opening words, I would suggest that if we are serious about trying to understand the significance of mobility and movement in people's everyday lives, if we want to problematize the mobility/immobility binary, and if we want to understand the related role
The Case of a Palestinian Refugee Camp in the West Bank
This article employs the concept of multilocality to analyze the politics of space under the condition of protracted encampment. Rather than adopting a common synchronic approach to how refugees relate to space, the theoretical lens of multilocality grasps the diachronic dimension of protracted camps understood as places that encompass multiple attachments across time and space: the remembered and imagined places of origin, sites of residence in exile, and future geographies of hope or anticipation. Based on ethnographic fieldwork in al-Am'ari, a Palestinian refugee camp in the West Bank, I analyze multilocality as a political practice whereby local residents and organizations nurture the refugee identity of their communities, resist the permanence of protracted exile, and manifest the necessity for political change.
Three Views of Mobility from Africa
Clapperton Chakanetsa Mavhunga, Jeroen Cuvelier, and Katrien Pype
This introduction launches the new portfolio of articles on African mobilities and situates the three articles of this special section within the portfolio’s approach. This could be summarized in three key objectives. First, it seeks to highlight the inadequacy of enthusing in Africa simply as a venue where the itineraries of things and people from outside take place. Second, African mobilities is a way to signal the mobilities of Africans and things “African” in the world. Third, African mobilities is a theoretical standpoint. It serves as a critique of Western notions of mobility that have been universalized, built on nostalgia about what one, following Western ethnocentric assumptions, readily concludes are the technological and scientific wonders.
An Anthropological Perspective
Noel B. Salazar
In this short article, I offer a personal reflection on my own mobilities and how these influenced my academic interest in human movement and brought me in contact with mobility studies and Transfers. On the special occasion of the journal's tenth anniversary, I look back at how the journal has fared. I remind readers of the initial plans and expectations that were expressed by the founding editors, with a focus on issues that are important from an anthropological point of view. I complement this critical and constructive analysis with a brief look into the future. In which direction should Transfers ideally be moving? What are the implications of societal developments such as the ones surrounding the coronavirus pandemic for the journal and its thematic focus?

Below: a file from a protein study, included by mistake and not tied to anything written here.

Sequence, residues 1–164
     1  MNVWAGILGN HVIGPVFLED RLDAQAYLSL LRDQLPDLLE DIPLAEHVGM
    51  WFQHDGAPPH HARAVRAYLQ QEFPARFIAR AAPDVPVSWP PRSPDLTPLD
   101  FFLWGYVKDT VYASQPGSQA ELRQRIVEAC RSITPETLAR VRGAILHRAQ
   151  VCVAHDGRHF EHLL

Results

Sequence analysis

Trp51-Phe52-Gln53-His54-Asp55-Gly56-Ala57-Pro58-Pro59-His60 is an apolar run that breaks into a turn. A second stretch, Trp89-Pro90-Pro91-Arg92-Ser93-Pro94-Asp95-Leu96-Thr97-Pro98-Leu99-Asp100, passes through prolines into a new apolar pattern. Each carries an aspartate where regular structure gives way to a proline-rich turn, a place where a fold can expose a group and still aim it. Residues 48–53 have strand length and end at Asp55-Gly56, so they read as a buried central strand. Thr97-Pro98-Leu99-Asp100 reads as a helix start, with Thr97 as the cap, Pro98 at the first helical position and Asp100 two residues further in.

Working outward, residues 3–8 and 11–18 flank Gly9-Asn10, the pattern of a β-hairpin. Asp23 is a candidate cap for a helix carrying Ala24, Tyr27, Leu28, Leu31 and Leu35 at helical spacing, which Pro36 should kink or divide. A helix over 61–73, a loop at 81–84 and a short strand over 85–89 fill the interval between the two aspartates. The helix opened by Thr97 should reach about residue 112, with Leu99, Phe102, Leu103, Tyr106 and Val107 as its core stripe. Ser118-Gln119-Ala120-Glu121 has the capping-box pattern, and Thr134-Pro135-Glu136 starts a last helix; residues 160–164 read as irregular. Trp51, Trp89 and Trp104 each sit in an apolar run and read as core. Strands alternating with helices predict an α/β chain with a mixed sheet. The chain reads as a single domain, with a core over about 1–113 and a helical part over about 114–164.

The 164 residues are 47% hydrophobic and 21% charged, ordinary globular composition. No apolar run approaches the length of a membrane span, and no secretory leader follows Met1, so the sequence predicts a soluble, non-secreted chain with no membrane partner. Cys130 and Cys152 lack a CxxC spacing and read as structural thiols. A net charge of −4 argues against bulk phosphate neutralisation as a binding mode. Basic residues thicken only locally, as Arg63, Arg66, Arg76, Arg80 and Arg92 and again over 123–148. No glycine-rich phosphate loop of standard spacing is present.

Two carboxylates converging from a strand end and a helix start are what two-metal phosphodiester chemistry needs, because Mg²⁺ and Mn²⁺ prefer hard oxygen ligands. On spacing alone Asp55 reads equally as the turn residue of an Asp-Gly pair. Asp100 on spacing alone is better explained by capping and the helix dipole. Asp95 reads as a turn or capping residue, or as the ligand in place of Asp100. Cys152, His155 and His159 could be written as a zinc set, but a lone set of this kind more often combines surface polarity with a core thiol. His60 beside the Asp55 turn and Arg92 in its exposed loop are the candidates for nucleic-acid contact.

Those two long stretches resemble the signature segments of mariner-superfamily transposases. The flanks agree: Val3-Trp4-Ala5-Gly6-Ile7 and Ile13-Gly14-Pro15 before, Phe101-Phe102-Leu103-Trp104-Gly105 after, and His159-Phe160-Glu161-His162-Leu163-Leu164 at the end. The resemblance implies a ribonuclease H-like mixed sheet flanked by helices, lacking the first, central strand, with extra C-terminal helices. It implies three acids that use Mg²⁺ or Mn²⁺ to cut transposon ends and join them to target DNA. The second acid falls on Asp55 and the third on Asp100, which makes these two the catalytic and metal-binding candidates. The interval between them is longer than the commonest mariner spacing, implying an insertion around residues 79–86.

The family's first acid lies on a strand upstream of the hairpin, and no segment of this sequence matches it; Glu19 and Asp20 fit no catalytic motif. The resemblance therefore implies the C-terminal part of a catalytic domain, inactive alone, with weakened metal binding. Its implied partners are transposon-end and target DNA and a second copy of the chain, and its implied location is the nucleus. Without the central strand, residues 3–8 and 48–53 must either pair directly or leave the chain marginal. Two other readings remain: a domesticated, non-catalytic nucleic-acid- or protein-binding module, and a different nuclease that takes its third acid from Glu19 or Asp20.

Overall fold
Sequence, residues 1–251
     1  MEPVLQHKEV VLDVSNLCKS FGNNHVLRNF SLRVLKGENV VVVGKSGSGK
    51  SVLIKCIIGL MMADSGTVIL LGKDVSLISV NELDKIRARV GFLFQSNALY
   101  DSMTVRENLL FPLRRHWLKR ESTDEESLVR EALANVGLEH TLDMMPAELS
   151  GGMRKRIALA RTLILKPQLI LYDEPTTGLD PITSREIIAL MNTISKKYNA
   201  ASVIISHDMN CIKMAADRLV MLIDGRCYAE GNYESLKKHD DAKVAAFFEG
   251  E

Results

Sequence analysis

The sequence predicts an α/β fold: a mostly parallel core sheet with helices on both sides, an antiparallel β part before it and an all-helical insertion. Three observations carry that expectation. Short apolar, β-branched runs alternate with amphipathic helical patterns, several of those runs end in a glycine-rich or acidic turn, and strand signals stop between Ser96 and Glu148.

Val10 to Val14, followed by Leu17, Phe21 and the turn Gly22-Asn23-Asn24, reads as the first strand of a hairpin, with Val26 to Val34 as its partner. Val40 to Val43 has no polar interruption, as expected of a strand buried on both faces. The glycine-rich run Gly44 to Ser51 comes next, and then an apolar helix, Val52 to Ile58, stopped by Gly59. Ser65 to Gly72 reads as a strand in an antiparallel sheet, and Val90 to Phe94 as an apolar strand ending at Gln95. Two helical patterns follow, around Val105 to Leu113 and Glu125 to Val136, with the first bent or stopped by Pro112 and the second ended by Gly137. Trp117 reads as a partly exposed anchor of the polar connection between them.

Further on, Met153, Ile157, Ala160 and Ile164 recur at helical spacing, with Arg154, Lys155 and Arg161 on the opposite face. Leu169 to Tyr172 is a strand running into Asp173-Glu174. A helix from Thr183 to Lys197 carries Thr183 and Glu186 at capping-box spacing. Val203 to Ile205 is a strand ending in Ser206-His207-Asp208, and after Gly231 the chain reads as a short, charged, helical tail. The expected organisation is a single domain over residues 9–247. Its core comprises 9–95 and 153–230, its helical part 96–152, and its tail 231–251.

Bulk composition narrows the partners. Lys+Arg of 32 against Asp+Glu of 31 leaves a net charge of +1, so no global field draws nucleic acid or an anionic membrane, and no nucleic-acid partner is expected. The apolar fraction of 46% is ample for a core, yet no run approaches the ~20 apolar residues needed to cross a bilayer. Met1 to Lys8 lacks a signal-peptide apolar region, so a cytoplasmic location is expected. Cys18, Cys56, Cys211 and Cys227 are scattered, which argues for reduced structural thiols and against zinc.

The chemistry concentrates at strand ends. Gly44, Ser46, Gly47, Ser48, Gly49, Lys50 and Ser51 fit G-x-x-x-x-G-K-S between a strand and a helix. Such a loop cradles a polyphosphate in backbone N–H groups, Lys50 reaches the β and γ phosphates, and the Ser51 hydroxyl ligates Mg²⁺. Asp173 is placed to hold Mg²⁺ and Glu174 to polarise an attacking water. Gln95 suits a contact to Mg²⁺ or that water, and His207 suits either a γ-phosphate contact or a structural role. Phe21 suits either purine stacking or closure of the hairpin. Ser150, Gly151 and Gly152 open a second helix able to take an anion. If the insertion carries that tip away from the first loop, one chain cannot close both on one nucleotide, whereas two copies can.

Itinerant “Criminal Tribes” and Their Containment by the Salvation Army in Colonial South India
In retelling the history of “criminal tribe” settlements managed by the Salvation Army in Madras Presidency (colonial India) from 1911, I argue that neither the mobility–immobility relationship nor the compositional heterogeneity of (im)mobility practices can be adequately captured by relational dialecticism espoused by leading mobilities scholars. Rather than emerging as an opposition through dialectics, the relationship between (relative) mobility and containment may be characterized by overlapping hybridity and difference. This differential hybridity becomes apparent in two ways if mobility and containment are viewed as immanent gatherings of humans and nonhumans. First, the same entities may participate in gatherings of mobility and of containment, while producing different effects in each gathering. Here, nonhumans enter a gathering, and constitute (im)mobility practices, as actors that make history irreducibly differently from other actors that they may be entangled with. Second, modern technologies and amodern “institutions” may be indiscriminately drawn together in all gatherings.
Georgine Clarsen and Gijs Mom
Case of the Baka of Southeast Cameroon—A Variation on the Habitual Mobility–Immobility Nexus”; and Clapperton Chakanetsa Mavhunga, “Organic Vehicles and Passengers: The Tsetse Fly as Transient Analytical Workspace,” as exemplary papers that will
Understanding Mobilities in a Dangerous World
Gail Adams-Hutcheson, Holly Thorpe, and Catharine Coleborne
, no. 3 (2011): 353–373, esp. 358–360. 2 William Walters, “Secure Borders, Safe Haven, Domopolitics,” Citizenship Studies 8, no. 3 (2004): 237–260. 3 Kevin Hannam, Mimi Sheller, and John Urry, “Editorial: Mobilities, Immobilities and Moorings
Moving a Container Ship through Darkness
Cargomobilities: Moving Materials in a Global Age , ed. Thomas Birtchnell, Satya Savitzky, and John Urry (New York: Routledge, 2015), 35–47. 21 Maria Borovnik, “The Mobilities, Immobilities and Moorings of Work-life on Cargo Ships,” Sites 9, no. 2 (2012): 59
Transfers as Interdisciplinary Site
(2012): 521–536, here 523. 5 Kevin Hannam, Mimi Sheller, and John Urry, “Mobilities, Immobilities, and Moorings,” Mobilities 1, no. 1 (2006): 1–22, here 3. 6 Despite their association with “twentieth century industrial political economy” roads
The Case of the Baka of Southeast Cameroon—A Variation on the Habitual Mobility–Immobility Nexus
Harrison Esam Awuh
national laws. These observations lead us to reflect more deeply on the dialectics between mobility/immobility, transfer of knowledge, and the environment. Sedentarization, with its emphasis on permanence and stasis, kills or weakens certain knowledge and